Rice or Ricin? Multiculturalism in a Time of War
Current UK public policy is seeking simultaneously to win support for the British government’s policy in Iraq and on counter-terrorism while not increasing racial tension in the UK. Bellicose rhetoric about Osama Bin Laden and Saddam Hussein can easily exacerbate antipathy towards Muslim communities. The civil disturbances in English northern towns in the summer of 2001 showed that Muslim communities are already resented by white communities in some places. According to the official inquiries after the disturbances, some poorer white people in communities with high male unemployment and social disadvantage feel that the help available through, for example, regeneration funds, is disproportionately going to black and minority ethnic communities. Across the UK as a whole, black and minority ethnic people may be worse off than white people, but as far as local circumstances in these communities are concerned, white people are (in their probably accurate view) no better off. The left-behind are fighting amongst themselves for the consolation prizes of national prosperity.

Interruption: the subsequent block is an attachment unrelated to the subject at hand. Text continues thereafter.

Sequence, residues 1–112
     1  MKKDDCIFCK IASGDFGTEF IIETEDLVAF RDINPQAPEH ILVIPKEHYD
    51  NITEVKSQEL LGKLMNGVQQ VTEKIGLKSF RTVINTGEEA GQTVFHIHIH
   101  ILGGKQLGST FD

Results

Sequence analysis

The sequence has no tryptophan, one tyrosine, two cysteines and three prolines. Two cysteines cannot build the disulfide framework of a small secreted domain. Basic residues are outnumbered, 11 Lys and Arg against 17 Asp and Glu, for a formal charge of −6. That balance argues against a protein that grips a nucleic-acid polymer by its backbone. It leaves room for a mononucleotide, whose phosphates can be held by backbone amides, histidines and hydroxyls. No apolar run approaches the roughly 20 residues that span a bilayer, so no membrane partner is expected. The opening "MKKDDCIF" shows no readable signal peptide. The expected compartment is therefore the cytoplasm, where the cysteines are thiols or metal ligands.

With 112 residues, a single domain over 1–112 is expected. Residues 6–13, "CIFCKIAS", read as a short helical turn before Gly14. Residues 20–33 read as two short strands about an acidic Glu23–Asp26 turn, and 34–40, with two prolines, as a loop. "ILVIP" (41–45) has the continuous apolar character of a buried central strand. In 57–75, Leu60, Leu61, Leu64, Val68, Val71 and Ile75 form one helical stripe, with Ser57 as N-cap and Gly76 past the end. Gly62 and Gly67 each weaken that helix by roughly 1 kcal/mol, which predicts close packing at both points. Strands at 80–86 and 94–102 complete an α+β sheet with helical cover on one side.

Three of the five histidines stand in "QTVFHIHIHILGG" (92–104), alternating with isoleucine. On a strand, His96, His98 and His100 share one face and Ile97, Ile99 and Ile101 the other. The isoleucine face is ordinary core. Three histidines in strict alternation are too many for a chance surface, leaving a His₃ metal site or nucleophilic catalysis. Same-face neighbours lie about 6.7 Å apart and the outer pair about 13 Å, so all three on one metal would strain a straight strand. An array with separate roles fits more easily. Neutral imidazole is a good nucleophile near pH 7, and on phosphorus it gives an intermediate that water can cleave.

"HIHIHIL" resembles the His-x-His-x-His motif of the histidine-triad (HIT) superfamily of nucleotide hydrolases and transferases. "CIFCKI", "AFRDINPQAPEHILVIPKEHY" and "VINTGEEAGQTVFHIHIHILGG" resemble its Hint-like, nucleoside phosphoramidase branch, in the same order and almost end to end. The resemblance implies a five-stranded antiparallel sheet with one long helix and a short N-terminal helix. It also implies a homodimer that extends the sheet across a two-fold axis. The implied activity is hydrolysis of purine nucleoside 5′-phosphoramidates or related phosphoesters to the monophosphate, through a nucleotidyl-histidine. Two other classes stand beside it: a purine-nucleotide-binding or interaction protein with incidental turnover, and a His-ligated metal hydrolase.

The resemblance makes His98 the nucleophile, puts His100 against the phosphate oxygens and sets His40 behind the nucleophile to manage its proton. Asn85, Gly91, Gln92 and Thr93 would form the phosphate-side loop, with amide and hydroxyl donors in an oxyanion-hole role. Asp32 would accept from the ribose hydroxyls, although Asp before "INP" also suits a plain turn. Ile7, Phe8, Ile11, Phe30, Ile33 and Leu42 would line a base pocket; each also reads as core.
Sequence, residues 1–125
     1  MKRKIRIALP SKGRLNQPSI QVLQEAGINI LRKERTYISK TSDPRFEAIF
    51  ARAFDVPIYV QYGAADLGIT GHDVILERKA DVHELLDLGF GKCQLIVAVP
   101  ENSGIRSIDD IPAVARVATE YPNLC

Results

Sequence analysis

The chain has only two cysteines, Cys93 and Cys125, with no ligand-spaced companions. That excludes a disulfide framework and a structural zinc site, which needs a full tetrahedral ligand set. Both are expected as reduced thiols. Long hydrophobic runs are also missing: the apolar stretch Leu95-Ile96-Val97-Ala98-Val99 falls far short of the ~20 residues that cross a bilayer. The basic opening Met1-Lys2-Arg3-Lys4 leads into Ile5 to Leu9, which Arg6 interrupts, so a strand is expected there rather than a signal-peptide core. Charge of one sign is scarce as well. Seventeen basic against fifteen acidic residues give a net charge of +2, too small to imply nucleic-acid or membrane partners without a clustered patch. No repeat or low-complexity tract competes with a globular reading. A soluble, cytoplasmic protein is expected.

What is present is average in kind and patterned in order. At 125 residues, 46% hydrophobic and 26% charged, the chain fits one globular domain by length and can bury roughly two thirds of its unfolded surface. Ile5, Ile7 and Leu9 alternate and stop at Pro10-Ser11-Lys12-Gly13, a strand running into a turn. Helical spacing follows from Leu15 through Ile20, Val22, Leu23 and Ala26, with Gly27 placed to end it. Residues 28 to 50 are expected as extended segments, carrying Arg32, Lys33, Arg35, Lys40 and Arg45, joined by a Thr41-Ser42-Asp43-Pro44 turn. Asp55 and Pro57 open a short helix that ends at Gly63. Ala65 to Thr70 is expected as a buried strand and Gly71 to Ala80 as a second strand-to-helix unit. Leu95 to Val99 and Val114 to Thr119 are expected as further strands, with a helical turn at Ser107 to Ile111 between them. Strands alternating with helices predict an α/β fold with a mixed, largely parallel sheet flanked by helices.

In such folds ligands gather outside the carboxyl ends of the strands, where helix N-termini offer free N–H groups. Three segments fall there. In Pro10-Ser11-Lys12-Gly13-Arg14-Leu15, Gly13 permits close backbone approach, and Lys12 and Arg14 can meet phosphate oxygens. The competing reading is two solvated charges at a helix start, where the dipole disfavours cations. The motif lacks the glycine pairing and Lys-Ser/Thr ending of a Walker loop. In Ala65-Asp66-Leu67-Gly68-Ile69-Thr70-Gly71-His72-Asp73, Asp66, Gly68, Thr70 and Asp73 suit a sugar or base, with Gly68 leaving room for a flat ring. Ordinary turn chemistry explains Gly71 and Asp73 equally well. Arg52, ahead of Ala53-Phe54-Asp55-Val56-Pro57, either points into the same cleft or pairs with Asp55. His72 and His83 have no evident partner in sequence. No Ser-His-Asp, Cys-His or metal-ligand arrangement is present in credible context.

Gitsham, M. & Lemos, G. (2004) Rice or Ricin? Multiculturalism in a Time of War, Thresholds (Journal of Counterpoint, The British Council's Cultural Relations Thinktank), Spring/Summer.